Sixty-four different sites – many with high rates of child poverty and complex long-term conditions; high proportion of ethnic minorities; 14 care-commissioning groups who demand different quality metrics; and a focus on mental health and community care – not the most remunerative areas in healthcare.
All this complexity hasn’t prevented East London NHS Foundation Trust (ELFT) to set itself the audacious goal of becoming the highest quality provider by 2020!
I had the privilege of sitting in on a presentation being made by Dr Amar Shah, associate medical director for quality improvement (QI), and his team today (24th January, 2015) to a small group of Harvard Business School students and representatives from The Health Foundation, a charity that promotes quality and safety in healthcare in the UK.
“Application of QI to mental health hasn’t really been done anywhere as yet… so we have to be very innovative as many of the problems we face don’t have any readymade solutions” said Dr Shah as he started off the presentation.
He pointed out that there were no evidence–based bundles for improving mental health unlike many areas of acute care such as reducing central line infections.
Stable senior leadership, champions of quality at the top, and robust finances were some of the factors identified by Dr Shah for the Trust’s success in driving the quality agenda. He pointed out that ELFT chief executive (who has been here for 7+ years) believes in quality over money and that their medical director had come from the National Patient Safety Agency (NPSA) with deep knowledge of improving quality and safety.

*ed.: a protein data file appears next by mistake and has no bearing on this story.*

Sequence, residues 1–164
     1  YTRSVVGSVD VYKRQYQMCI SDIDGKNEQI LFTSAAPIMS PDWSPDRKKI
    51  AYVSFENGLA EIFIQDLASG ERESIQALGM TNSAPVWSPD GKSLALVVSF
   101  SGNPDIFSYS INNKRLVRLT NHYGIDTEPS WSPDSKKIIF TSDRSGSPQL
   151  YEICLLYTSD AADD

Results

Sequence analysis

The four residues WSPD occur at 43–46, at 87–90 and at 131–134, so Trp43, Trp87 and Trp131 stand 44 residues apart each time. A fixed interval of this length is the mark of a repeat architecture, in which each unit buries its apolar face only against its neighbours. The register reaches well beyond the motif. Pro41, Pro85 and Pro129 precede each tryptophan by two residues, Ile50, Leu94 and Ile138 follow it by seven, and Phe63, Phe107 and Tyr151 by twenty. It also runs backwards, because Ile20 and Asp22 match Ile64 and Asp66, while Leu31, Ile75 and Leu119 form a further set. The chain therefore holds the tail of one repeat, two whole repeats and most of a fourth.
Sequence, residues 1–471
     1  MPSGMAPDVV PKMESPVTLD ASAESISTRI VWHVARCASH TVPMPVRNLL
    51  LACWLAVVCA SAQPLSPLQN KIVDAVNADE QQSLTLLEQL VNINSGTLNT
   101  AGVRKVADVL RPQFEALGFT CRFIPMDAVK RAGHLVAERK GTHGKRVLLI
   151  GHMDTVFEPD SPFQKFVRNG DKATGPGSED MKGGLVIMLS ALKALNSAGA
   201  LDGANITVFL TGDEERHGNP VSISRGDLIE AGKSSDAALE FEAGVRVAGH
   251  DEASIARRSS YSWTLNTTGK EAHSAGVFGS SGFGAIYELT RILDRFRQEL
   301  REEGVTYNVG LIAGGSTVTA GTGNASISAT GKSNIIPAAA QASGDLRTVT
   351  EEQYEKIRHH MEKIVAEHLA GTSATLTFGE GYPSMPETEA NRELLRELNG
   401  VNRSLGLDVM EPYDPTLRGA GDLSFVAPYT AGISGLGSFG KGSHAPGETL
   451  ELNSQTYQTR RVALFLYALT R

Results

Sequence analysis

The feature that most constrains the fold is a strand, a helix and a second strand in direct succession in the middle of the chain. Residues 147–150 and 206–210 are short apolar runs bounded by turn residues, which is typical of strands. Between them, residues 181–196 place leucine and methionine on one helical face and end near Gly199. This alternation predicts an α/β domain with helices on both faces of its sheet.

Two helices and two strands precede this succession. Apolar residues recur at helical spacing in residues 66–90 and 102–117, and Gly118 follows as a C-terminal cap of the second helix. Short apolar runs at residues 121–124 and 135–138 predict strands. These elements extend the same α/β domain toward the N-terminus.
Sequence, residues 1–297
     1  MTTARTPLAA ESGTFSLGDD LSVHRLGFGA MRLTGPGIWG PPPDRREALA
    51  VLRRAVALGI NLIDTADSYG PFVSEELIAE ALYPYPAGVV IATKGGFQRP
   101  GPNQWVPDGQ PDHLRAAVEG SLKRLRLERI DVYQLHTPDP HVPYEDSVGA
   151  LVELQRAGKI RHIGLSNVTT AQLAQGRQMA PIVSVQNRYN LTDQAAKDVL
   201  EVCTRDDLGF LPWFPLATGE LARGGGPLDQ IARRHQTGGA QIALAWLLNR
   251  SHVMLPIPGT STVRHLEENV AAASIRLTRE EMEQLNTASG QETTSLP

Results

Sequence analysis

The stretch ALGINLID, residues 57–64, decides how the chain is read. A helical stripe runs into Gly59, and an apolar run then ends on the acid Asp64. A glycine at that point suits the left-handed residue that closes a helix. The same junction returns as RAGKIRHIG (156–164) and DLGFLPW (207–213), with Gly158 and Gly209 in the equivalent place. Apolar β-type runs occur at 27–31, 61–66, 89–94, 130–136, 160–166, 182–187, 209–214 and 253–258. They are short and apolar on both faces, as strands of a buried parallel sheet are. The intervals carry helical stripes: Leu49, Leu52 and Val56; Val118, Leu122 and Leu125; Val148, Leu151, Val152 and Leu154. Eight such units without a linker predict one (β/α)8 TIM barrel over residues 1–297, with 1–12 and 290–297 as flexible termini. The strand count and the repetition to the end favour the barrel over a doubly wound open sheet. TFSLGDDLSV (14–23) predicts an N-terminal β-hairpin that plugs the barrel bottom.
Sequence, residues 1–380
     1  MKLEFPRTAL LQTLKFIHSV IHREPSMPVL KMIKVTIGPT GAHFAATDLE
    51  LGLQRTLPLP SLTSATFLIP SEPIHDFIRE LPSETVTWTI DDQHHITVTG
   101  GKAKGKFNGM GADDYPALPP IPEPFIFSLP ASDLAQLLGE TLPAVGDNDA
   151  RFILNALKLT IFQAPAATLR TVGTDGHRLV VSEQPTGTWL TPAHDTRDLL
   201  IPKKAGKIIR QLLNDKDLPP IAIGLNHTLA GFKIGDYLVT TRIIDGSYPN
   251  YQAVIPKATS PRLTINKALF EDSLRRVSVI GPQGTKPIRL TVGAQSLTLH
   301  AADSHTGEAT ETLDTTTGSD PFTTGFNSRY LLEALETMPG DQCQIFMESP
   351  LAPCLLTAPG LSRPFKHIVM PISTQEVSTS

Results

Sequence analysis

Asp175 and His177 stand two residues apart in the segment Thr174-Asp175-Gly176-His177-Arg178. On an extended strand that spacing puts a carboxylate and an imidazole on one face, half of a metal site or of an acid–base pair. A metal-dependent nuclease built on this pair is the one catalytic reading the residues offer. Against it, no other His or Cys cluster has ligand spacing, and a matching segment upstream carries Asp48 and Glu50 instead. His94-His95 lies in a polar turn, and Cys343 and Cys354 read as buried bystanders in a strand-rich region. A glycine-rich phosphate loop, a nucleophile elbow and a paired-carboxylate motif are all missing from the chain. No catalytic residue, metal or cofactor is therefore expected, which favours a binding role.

Five years ago their Trust had two sentinel events – an inpatient homicide (one patient killed another) and an inpatient suicide. “This made us think… these incidents happened despite good quality assurance… we realized we had to go beyond.”
“We will have to improve quality while earning less – this isn’t possible without innovation and redesign, and eliminating waste in processes” said Dr Shah referring to the declining reimbursement for care. He also clarified that though cost is typically lowered and quality improves when waste is removed, the QI program was not about cost-cutting but improving quality!
James Innes, the head of quality improvement, presented how ELFT hoped to achieve this audacious goal. ELFT has identified four drivers for achieving their aim as seen in the figure below.
Image Courtesy: ELFT Quality Programme Presentation
I was impressed by how thoughtfully they are building the will for quality leadership through a new website and events showcasing their successes.
To build improvement capability they have partnered with the IHI to get strategic advice and run training programs for staff at all levels. For example, over 500 front-line staff will be trained in 5 six-month “waves” of training and 250 clinical leaders will be given deeper understanding of the improvement methodology.
Image Courtesy: ELFT Quality Programme Presentation
The ELFT team is working to ensure alignment so that projects are focused on two stretch goals:
- Reduce harm by 30% every year, and
- Provide the right care, at the right place, and at the right time.
And in less than a year they already have 114+ projects going!